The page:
Less is more, and that’s not just a buzz phrase. Good things are coming in smaller packages (again, not just another buzz phrase). Here’s one that’s ‘on the rocks’ coming soon to a launch near you; NASA has an IceCube that will be out of this world.
IceCube, which will measure cloud ice levels using a radiometer, is the first small satellite project managed by Goddard Space Flight Center’s Wallops Flight Facility. After two years in the making, the 10-pound, breadloaf-sized satellite is poised to take flight on Orbital ATK’s seventh contracted commercial resupply services mission to the International Space Station, scheduled to launch March 19, 2017, from Cape Canaveral Air Force Station, Florida.
“Bringing IceCube from concept to operational satellite ready for launch is a remarkable achievement by an incredibly talented, diverse science and engineering team,” said Bill Wrobel, Wallops Flight Facility director. “Goddard Space Flight Center’s expertise in engineering and project management at its Wallops campus coupled with the scientific muscle at Goddard’s Greenbelt campus makes us a natural fit for small satellite work.”
IceCube is a type of smallsat known as a cubesat, and more specifically, it’s a 3U cubesat. Each “U” is a cubic of 10 centimeters in size; as a 3U cubesat, IceCube measures 10 by 10 by 30 centimeters. Despite its relatively small size, IceCube is a bonafide spacecraft complete with three-axis attitude control, deployable solar arrays and a deployable UHF communications antenna.
“The technologies to make these small satellites is constantly evolving, getting increasingly smaller and lighter without sacrificing capability,” said Tom Johnson, Goddard Space Flight Center’s Small Satellite manager. Johnson, who’s stationed at Wallops, led mission management activities for the project.
Once launched and deployed from the ISS, the IceCube team will spend about two weeks conducting various check-outs on the satellite before starting the spacecraft’s operational mission, which is to perform cloud ice measurements using an 883-Gigahertz radiometer. Cloud ice properties are key variables used in weather and climate models. Currently, there’s a large uncertainty in measuring cloud ice in the atmosphere at altitudes between 5 to 15 kilometers. IceCube will collect the first global map of cloud-induced radiances at 883-Gigahertz.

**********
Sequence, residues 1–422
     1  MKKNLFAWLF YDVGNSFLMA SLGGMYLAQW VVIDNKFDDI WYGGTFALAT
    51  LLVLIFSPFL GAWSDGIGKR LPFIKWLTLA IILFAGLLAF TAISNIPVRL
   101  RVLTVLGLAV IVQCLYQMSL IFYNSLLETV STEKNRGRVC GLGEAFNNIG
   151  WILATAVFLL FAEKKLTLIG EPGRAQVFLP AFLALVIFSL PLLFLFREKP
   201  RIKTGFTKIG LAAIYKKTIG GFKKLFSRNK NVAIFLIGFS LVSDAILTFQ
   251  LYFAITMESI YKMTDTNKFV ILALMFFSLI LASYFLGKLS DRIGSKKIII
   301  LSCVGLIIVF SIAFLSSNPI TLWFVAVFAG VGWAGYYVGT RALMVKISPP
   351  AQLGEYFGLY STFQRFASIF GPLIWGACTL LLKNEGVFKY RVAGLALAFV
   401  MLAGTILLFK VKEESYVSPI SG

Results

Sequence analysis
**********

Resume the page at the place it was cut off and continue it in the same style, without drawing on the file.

The overall objective of IceCube is to raise the technology readiness level (TRL) of the radiometer to measure cloud ice levels. NASA uses nine TRLs to assess the maturity level of a particular technology ranging from TRL 1, meaning basic principles have been observed, expanding up to TRL 9, which means a particular technology or system is flight-proven and successful. The radiometer capability for intermediate altitude cloud ice measurements is currently at TRL 6; the goal is to get to TRL 9 with IceCube, said Johnson.
The Goddard team faced a number of challenges during the design, integration and testing of the spacecraft. Notably, to keep costs down for the project, the team used commercial off-the-shelf components to build the spacecraft. The components, coming from multiple commercial providers, didn’t always “plug and play” together, said Johnson, creating significant engineering challenges.
The team persevered, integrating the radiometer to the spacecraft, building the spacecraft support systems, and conducting thermal-vacuum, vibration, and antenna testing all at Goddard and Wallops facilities.
“The team had to overcome so many challenges and they worked hard to meet the delivery date prior to the holidays,” said Johnson. “I am very proud of the engineering team that worked so hard to achieve this milestone.”
In addition to IceCube, Goddard’s small satellite office at Wallops is providing mission management for a number of other missions, such as HaloSat and the Time-Resolved Obeservations of Precipitation structure and storm Intensity with a Constellation of Smallsats (TROPICS). The office is also supporting 23 university cubesat missions flying as part of NASA’s Science Mission Directorate’s Undergraduate Student Instrument Program (USIP).
“It’s a growth market,” said Wrobel. “With cost and size coming down combined with increasing capabilities, good things are coming in these smaller packages, which is having a positive impact for science, technology and growing the workforce.”
NASA’s Science Mission Directorate selected the IceCube mission as part of its CubeSat Initiative and funded the project jointly with NASA’s Earth Science Technology Office. Goddard Space Flight Center’s Dong Wu is IceCube’s principal investigator. Goddard’s Microwave Instruments and Technology Branch built the primary instrument and Wallops provided all mission management, integration and testing of the spacecraft. Kennedy Space Center’s Launch Services Program (LSP) is providing the launch opportunity through NASA’s Cubesat Launch Initiative (CSLI).
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